A report from a group called the National Council on Teacher Quality has shocked the educational establishment and set off a firestorm of criticism.

The report judges as "mediocre" college teacher education programs in the US with some schools getting a recommendation from the council to be avoided.

Washington Post:

The vast majority of the 1,430 education programs that prepare the nation's K-12 teachers are mediocre, according to a first-ever ranking that immediately touched off a firestorm.

Released Tuesday by the National Council on Teacher Quality, a Washington-based advocacy group, the rankings are part of a $5 million project funded by major U.S. foundations. Education secretaries in 21 states have endorsed the report, but some universities and education experts quickly assailed the review as incomplete and inaccurate.

Programs at Furman, Lipscomb, Ohio State and Vanderbilt universities received the only "four-star" ratings, while some programs, including at George Washington University, received no stars, eliciting a warning from the council for prospective students to avoid them.

While debate swirls about the validity of the ratings of individual schools, there is broad agreement among educators and public officials -- from U.S. Education Secretary Arne Duncan to governors to unions -- that the country is failing to adequately train the 200,000 people who become teachers each year.

"We don't know how to prepare teachers," said Arthur Levine, former president of Teachers College at Columbia University and author of a scathing critique of teacher preparation. "We can't decide whether it's a craft or a profession. Do you need a lot of education as you would in a profession, or do you need a little bit and then learn on the job, like a craft? I don't know of any other profession that's so uncertain about how to educate their professionals."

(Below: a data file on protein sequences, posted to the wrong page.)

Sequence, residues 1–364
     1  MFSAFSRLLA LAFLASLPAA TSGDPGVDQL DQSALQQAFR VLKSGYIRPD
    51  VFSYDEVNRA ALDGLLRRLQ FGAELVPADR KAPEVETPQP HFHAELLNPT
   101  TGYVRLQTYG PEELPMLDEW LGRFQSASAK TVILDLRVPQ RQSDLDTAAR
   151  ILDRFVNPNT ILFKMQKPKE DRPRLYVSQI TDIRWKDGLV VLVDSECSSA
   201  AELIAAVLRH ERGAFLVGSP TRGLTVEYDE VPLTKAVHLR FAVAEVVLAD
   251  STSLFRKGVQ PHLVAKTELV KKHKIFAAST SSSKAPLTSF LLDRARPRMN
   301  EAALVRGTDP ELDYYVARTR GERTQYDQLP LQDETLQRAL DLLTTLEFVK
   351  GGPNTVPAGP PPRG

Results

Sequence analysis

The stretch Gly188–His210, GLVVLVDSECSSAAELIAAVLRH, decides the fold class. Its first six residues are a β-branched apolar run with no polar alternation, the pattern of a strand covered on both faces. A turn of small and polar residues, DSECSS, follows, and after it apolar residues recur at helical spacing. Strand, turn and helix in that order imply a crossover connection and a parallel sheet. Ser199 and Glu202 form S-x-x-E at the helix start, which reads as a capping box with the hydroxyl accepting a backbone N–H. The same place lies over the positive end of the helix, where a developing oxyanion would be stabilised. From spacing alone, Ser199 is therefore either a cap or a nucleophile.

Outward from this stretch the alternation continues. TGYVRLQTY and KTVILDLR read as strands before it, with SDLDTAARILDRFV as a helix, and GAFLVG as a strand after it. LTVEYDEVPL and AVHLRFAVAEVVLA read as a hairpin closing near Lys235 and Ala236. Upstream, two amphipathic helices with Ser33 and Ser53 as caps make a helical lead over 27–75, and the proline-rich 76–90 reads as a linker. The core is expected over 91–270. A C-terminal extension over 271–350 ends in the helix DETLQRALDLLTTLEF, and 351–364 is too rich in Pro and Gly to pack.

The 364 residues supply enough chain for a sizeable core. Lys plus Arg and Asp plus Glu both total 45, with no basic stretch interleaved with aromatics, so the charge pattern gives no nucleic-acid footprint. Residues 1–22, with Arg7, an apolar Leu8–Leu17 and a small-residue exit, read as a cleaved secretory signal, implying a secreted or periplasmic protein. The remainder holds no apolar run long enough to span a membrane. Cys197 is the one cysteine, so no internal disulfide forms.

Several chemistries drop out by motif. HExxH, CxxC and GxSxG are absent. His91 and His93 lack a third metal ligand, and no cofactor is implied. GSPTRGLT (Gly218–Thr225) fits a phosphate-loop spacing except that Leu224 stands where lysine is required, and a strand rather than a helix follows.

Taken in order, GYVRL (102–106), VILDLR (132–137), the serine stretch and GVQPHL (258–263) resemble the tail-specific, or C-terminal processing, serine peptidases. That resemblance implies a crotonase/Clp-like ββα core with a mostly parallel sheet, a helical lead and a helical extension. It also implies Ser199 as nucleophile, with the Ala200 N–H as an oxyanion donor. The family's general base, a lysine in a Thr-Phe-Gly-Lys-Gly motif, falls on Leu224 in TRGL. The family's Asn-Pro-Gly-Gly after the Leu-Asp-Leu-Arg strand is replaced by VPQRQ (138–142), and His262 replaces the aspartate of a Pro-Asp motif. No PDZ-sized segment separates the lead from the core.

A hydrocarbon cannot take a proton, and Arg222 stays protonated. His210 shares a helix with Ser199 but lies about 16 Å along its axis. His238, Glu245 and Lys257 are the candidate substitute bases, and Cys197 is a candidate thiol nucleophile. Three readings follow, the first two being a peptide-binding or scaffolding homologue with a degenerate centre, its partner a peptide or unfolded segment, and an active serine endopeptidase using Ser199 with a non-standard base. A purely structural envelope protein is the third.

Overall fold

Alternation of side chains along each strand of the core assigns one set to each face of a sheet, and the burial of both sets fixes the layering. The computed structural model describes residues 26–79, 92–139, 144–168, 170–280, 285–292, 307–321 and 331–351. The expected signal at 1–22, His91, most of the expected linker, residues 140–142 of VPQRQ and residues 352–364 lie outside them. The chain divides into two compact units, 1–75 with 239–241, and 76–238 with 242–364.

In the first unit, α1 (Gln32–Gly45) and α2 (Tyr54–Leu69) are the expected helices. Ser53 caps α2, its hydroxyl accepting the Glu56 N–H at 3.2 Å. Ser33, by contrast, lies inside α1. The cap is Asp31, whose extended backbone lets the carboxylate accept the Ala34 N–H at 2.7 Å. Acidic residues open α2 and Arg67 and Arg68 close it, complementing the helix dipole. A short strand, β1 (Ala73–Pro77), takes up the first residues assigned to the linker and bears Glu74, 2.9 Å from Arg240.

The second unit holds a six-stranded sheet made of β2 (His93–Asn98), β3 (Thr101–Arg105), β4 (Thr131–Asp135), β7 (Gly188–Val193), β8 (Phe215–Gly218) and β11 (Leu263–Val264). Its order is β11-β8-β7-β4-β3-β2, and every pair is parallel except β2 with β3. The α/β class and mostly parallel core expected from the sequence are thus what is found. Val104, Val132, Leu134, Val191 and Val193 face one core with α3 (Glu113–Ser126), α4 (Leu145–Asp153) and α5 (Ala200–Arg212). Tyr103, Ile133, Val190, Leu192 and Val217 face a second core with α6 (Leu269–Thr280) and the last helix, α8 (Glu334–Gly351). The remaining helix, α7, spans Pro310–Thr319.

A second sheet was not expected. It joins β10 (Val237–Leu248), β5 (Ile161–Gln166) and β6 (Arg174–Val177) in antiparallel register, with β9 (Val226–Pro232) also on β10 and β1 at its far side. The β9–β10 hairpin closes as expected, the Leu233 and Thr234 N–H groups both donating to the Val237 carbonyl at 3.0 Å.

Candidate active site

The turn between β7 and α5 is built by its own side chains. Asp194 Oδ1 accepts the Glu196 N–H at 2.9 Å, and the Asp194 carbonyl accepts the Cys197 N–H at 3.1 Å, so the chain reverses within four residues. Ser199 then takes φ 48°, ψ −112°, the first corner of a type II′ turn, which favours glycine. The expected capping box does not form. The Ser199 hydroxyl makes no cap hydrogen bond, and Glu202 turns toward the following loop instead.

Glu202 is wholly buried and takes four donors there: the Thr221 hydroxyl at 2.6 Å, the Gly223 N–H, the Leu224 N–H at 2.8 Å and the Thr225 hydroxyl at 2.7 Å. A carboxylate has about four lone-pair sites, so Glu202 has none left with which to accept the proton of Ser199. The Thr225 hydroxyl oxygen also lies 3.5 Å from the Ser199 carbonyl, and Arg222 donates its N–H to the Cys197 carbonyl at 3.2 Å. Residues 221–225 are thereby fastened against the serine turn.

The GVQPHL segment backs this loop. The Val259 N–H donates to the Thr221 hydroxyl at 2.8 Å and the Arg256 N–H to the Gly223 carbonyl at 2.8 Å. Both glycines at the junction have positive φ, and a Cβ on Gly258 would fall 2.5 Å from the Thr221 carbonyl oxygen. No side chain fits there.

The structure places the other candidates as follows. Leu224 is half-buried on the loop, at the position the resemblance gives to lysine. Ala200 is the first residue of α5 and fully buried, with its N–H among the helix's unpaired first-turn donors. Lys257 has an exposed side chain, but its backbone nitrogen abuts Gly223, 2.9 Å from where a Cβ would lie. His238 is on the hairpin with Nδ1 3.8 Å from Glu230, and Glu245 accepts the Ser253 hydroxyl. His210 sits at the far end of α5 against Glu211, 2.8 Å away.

Many education schools suffer from the same maladies, Levine said. "Admission standards are low, no connection between clinical work and academic work and some of the faculty haven't been in a school for years," he said.

The topic has gained urgency, with new research that shows teacher quality is the single most important factor inside a classroom that affects student learning. As baby boomers retire, classrooms increasingly have newly minted teachers at the helm.

Yes, there are good teachers out there. But not many - certainly not enough. And I don't think you can "train" good teachers. That's a myth that needs to be debunked. You can train people who want to be teachers to be better at their jobs, but that won't make them "good teachers" - the kind of mentor that students remember for the rest of their lives.

"Those who can - do. Those who can't - teach." The age old insult resonates today, although in some fields like management, hands-on corporate executives can make excellent teachers. It seems obvious that some have a gift and most don't. In that respect, perhaps teacher education programs should be developed with an eye toward minimizing the damage bad teachers can do.